At age 28, Ryan crushed opponents on way to victory
Romney selects Ryan
Click here to view a special section on Paul Ryan, selected to be Republican candidate Mitt Romney's running mate in the 2012 presidential campaign.
MADISON When 28-year-old Paul Ryan blew into Janesville in 1998 after nearly six years on Capitol Hill as a staffer, he shocked the political community by capturing the 1st Congressional District seat vacated by incumbent Mark Neumann.
Pundits and Republican insiders were surprised by Ryan’s performance, with one exception.
“The first time we met, I was running the U.S. Senate campaign committee, chaired by Sen. Alfonse D’Amato, and Paul was a staffer for Sen. Sam Brownback,” said Republican political strategist Brian Christianson, now a state and national political strategist who lives on Lake Koshkonong in rural Edgerton.
“I had a cubicle in Sen. D’Amato’s office, and Paul walked in and said he had heard that Neumann was giving up his seat to run against (U.S. Sen. Russ) Feingold, and he (Ryan) was considering running for the open seat. That was, I believe, in late 1997,” Christianson said.
“Then I got a call from Tommy Thompson promoting Paul as a congressional candidate,” Christianson said of Wisconsin’s governor at the time. “I got involved as the campaign strategist because I knew Paul had unique skills and was a new, exciting candidate.”
In early 1998, Christianson became part of a small campaign team consisting of Ryan’s brother Tobin; their mother, Betty; and Tobin’s wife, Oakleigh, that pulled off a remarkable congressional victory. That led Ryan to becoming a top House budget wonk and now a vice presidential candidate.
Ryan’s rise from a young congressional candidate to a vice presidential nominee had a lot of stops along the way, but it began on a shoestring budget with an office in downtown Janesville in the former Jupiter discount department store.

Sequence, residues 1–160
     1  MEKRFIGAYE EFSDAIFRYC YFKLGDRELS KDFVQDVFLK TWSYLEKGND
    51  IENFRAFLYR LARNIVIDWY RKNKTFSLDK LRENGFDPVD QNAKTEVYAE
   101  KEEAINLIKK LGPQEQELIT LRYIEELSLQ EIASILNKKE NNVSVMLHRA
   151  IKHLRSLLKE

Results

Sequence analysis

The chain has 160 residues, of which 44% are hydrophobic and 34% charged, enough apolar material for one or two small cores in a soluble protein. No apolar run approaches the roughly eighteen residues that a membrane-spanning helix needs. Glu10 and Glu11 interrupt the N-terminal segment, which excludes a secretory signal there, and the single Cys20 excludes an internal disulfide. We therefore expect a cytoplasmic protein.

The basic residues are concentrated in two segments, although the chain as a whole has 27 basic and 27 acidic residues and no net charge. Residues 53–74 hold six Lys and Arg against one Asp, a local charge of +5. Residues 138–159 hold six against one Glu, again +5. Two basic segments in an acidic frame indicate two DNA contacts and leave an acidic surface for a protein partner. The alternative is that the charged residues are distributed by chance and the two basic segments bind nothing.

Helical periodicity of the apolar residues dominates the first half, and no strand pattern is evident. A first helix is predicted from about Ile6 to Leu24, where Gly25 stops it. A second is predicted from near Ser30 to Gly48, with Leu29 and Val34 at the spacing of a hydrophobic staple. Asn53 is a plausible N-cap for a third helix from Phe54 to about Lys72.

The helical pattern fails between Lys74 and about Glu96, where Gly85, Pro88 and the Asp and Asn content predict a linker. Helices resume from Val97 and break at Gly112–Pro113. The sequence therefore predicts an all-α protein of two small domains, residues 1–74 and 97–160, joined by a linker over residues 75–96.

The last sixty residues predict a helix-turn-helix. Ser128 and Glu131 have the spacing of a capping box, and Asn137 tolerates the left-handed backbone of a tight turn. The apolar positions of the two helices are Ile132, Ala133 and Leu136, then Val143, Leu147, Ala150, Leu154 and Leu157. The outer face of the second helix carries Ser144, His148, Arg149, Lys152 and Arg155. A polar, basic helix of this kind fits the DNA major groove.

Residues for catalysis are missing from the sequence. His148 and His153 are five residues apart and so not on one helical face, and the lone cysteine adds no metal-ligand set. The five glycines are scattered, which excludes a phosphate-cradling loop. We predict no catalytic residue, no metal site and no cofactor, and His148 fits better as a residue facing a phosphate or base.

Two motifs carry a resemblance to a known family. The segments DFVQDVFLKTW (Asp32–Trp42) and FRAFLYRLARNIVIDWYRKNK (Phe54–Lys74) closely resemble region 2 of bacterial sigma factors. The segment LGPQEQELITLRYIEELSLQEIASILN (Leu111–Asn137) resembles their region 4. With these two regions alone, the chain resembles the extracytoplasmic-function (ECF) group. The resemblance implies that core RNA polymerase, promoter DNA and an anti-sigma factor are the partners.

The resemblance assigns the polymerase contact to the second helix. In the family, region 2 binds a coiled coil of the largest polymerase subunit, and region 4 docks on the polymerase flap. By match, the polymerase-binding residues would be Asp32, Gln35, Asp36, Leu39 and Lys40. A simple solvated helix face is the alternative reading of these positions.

“First of all, I want to make it clear that I’m not taking credit for Paul’s first congressional victory,” Christianson said minutes after Ryan’s acceptance speech Saturday in Virginia. “He had the vision, the determination, the political skills and the incredible work ethic to pull off what most considered a surprise victory. I recognized his skills, and I was fortunate enough to work with him on that first campaign.”
Christianson, now an independent consultant and strategist, knew Ryan better than most political observers in 1998.
“We had both worked for Jack Kemp. I worked in Kemp’s congressional office and on his presidential campaign,” Christianson said. “Paul work for Kemp at Empower America. We were of like minds on so many issues.”
Ryan created a buzz in 1998, when he ran unopposed in the congressional primary. Early on, Ryan faced primary opposition from two credible Republican candidates—former state Sen. George Petak of Racine and Brian Morello, a wealthy Beloit businessman.
Petak was considered the presumptive Republican standard bearer after losing a recall election over funding for the Miller Park baseball stadium. He remained popular among Republicans in Racine, considered the district’s pivotal swing county.
Morello held a press conference in the Assembly Parlor of the Capitol in Madison announcing his candidacy. A few weeks later, he withdrew from the race and endorsed Ryan.